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Thread: Vixen Generic Serial Output controls the Arduino!

  1. #1
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    Default Vixen Generic Serial Output controls the Arduino!

    Vixen Lights is awesome and I wanted to have it control my new little Arduino Duemilanove. I decided to use the generic serial output already in vixen lights as my plugin. Iím using 5 channels on my Arduino (5,6,9,10 & 11) that have PWM so I can fade the LEDs. The generic serial output appears to simply output one byte at a time like so: 06 00 00 00 00 00 0d. I setup my vixen lights sequence to use 7 channels. The first 5 would be for my LEDs, channel 6 is the beat track and channel 7 was a spare. I used a baud rate of 9600. The code simply takes the 7 bytes, stuffs them into an array and then sends them to the hungry LEDs. Check out the code:
    Code:
    /*
    The purpose of this code is to allow the Arduino to use the 
    generic serial output of vixen lights to control 5 channels of LEDs. 
    Author: Matthew Strange
    Created: 14 October 2010
    
    */
    
    // Output
    int Chan1 = 5;  // red LED,   connected to digital pin 5
    int Chan2 = 6;  // green LED, connected to digital pin 6
    int Chan3 = 9;  // red LED,  connected to digital pin 9
    int Chan4 = 10;  // green LED,  connected to digital pin 10
    int Chan5 = 11;  // red LED,  connected to digital pin 11
    
    int i = 0;     // Loop counter
    int incomingByte[7];   // array to store the 7 values from the serial port
    
    //setup the pins/ inputs & outputs
    void setup()
    {
      Serial.begin(9600);        // set up Serial at 9600 bps
    
      pinMode(Chan1, OUTPUT);   // sets the pins as output
      pinMode(Chan2, OUTPUT);
      pinMode(Chan3, OUTPUT);
      pinMode(Chan4, OUTPUT);
      pinMode(Chan5, OUTPUT);
    }
    
    void loop()
    {  // 7 channels are coming in to the Arduino
       if (Serial.available() >= 7) {
        // read the oldest byte in the serial buffer:
        for (int i=0; i<8; i++) {
          // read each byte
          incomingByte[i] = Serial.read();
        }
        
        analogWrite(Chan1, incomingByte[0]);   // Write current values to LED pins
        analogWrite(Chan2, incomingByte[1]);   // Write current values to LED pins
        analogWrite(Chan3, incomingByte[2]);   // Write current values to LED pins
        analogWrite(Chan4, incomingByte[3]);   // Write current values to LED pins
        analogWrite(Chan5, incomingByte[4]);   // Write current values to LED pins
       }
    }
    Simple and easy. This will only work with a 7 channel output. I can see complications if you wanted to grow this more. Which I do! Next steps will be to daisy chain some Arduinos, and add some SSRs. Iím completely new so I hope this helps another noobie. Any comments or suggestions are appreciated.
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  2. #2
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    Default Re: Vixen Generic Serial Output controls the Arduino!

    Quote Originally Posted by Gorak View Post
    This will only work with a 7 channel output.
    Matthew:

    Congratulations on your project.

    I have a Arduino Duemilanove sitting on the bench right here with Vixen controlling 16 channels of PWM LEDs and eight more channels of on/off LEDs (the 16 channels are sink controlled and the eight channels are source controlled). It uses DMX rather than the simple plug-in, so requires a few extra chips, like:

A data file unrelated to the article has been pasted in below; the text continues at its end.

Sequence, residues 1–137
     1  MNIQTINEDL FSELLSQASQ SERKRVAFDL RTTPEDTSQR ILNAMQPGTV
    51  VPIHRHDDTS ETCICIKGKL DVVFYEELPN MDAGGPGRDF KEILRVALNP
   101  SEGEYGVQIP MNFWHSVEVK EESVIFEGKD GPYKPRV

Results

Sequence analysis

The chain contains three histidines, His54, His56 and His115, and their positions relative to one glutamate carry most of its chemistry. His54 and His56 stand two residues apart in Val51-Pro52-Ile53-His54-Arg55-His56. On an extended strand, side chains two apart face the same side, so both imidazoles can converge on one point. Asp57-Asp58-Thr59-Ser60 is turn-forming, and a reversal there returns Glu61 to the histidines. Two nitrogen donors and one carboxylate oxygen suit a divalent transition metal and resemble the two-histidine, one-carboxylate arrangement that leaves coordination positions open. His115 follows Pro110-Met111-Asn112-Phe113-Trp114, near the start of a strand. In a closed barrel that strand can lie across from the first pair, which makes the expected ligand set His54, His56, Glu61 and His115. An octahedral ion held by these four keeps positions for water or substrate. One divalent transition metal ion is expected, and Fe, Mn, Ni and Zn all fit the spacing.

*An RS485 converter;

    *A TLC5940/5941 to do the PWM on the sink channels.

    *A UDN2981 for the source channels.

    I wrote about two or three lines of code and cut-and-paste all the rest.

    It's all part of the (so-far) incomplete Sawyer Star project (search it here).

    I'll get around to documenting this someday, but probably not until after tear-down.

    \dmc
    ________________________
    The only thing more dangerous than a software engineer with a soldering iron
    or a hardware engineer with a compiler is a liberal-arts major with either.
    Christmas lights: http://www.PacificaLights.info/
    uC/LED hacking: http://www.dmcole.net/

  3. #3
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    Default Re: Vixen Generic Serial Output controls the Arduino!

    That is awesome! I'm still learning and like I said I want to see if I can daisy chain a few of these together. I have 4 MAX488s so I'll try RS485 to communicate. Eventually I want to get to where you're at and use an external shield to control more channels. Can't wait! I'll check out the Sawyer Star Project. Thanks!

  4. #4
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    Default Re: Vixen Generic Serial Output controls the Arduino!

    Great Idea!!! I love Arduino's and have played with using them for all kinds of 'play' things. I can see the potential of using the arduino to control some servo motors for a 'moving' display and having Vixen control the 'when' to move. This can be a great addition to my Halloween Display!!!!

  5. #5
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    Default Re: Vixen Generic Serial Output controls the Arduino!

    I never thought about using servo motors until you mentioned it. But you're right that gives you the opportunity for some extra creative displays (other than lights) simply using another channel in Vixen!

  6. #6
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    Default Re: Vixen Generic Serial Output controls the Arduino!

    Should be an easy script to write on the arduino side. The arduino outputs the degrees from 0 to 180, Vixen outputs 0 to 255. Scale the 0~255 into 0~180 and write to servo motor. I will be playing with this tonight, Ill post my script if all goes well.

  7. #7
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    Default Re: Vixen Generic Serial Output controls the Arduino!

    @Gorak

    I loaded your sketch but when I try to run a sequence I get:

    Generic Serial